More Girls Participating in High School Wrestling

SACRAMENTO -- Most parents take a vested interest in their kids' extracurricular activities, especially sports. But what if your daughter wanted to wrestle against boys.

"I really wanted to play football," said Bella Camboia.

"But we were a little nervous for her going out for the football team," said Jake Camboia, Bella's father.

"So, I looked around for the next roughest sports, and I came across wrestling," Bella said.

" I think she was looking for something that was a little more aggressive, a little more physical," Jake Camboia.

"I need a physical outlet. I need something where I can, I don't know, sometimes it just helps," Bella said.

Whatever the reasons, the Camboia family has totally embraced oldest daughter Bella's passion for wrestling, even if that means wrestling against boys.

"I haven't had a reason to worry yet, but I know eventually she's going to come across an opponent that's going to be tough," Jake Camboia said.

"You come across a guy every now and then that really wants to hurt you because you're a girl, and they don't like that girls wrestle. But you don't get that as often anymore because now there is more," Bella said.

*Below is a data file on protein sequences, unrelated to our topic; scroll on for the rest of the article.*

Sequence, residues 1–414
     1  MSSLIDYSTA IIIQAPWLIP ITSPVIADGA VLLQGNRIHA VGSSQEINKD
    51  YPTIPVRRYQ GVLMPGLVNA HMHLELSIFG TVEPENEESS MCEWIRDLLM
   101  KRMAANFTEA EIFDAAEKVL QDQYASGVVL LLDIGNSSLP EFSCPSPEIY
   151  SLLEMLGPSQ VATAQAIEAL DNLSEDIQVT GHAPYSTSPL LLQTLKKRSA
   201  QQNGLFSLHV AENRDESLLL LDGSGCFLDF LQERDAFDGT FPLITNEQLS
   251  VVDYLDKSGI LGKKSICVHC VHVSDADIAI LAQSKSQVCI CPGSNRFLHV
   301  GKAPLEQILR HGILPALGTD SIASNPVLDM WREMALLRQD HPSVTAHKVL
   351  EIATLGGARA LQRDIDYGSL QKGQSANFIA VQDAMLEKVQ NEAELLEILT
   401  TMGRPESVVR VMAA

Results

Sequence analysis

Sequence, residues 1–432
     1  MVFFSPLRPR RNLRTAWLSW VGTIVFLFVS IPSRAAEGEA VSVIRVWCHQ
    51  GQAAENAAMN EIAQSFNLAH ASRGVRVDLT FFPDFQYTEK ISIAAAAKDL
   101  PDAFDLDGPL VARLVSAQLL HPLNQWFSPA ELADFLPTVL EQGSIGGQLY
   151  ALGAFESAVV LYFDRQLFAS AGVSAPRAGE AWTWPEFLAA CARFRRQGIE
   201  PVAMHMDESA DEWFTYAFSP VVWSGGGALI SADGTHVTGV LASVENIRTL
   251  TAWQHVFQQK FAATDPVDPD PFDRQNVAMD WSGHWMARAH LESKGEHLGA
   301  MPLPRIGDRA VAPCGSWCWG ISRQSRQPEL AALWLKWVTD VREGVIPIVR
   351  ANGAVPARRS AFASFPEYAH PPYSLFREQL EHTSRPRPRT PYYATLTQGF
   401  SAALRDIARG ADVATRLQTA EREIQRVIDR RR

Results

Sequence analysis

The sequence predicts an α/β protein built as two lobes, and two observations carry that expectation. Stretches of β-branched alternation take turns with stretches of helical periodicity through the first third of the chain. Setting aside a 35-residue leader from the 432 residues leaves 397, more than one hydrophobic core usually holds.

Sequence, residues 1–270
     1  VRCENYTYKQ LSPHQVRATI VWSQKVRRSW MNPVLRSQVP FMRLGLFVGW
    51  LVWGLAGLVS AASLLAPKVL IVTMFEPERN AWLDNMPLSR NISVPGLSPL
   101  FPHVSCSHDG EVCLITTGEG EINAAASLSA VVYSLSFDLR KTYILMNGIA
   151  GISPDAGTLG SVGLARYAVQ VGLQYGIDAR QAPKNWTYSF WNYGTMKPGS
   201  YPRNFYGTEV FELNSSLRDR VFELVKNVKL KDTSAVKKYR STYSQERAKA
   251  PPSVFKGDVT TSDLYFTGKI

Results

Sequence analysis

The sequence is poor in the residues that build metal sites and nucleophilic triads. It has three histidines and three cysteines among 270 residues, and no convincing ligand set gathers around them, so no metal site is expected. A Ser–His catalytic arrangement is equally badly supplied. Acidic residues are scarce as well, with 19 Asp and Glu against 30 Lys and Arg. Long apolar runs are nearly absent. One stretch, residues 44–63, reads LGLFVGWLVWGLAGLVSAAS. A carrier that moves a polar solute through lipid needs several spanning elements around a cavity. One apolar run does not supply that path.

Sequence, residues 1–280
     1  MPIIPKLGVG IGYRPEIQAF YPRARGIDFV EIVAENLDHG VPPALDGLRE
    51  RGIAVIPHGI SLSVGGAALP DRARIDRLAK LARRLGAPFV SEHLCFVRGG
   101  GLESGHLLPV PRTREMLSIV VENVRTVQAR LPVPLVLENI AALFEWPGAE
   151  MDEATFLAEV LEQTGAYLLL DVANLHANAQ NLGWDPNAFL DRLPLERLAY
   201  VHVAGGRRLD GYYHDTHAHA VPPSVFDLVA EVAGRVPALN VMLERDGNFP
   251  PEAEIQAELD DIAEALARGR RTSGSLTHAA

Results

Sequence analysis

At Bradshaw Christian High School, this is the first year they've had female wrestlers. Bella and Amy Grubbs are a good start for the Pride program. Five years ago, girls at the high school level had to mostly wrestle against boys, but not any more.

"In the last four years, it's really started to change because so many females have entered the sport that now, it's big enough they can hold their own tournaments, and you don't see it as much anymore," said wrestling coach Blair Wheatley.

"It's socially accepted in a new way. People are now starting to come into what they want to do, and if they want to do it, they know they can and they have the opportunity to," Grubbs said.

Some sight the rise in popularity to female MMA fighters as one of the reasons young girls are giving wrestling a try. Many wrestlers have had great success in the sport, but that's too real of a discussion for some dads.

"I would like for her to not do UFC. I think they are brutal to each other in the ring. I wouldn't want to watch my daughter in the ring like that," Jake Camboia said.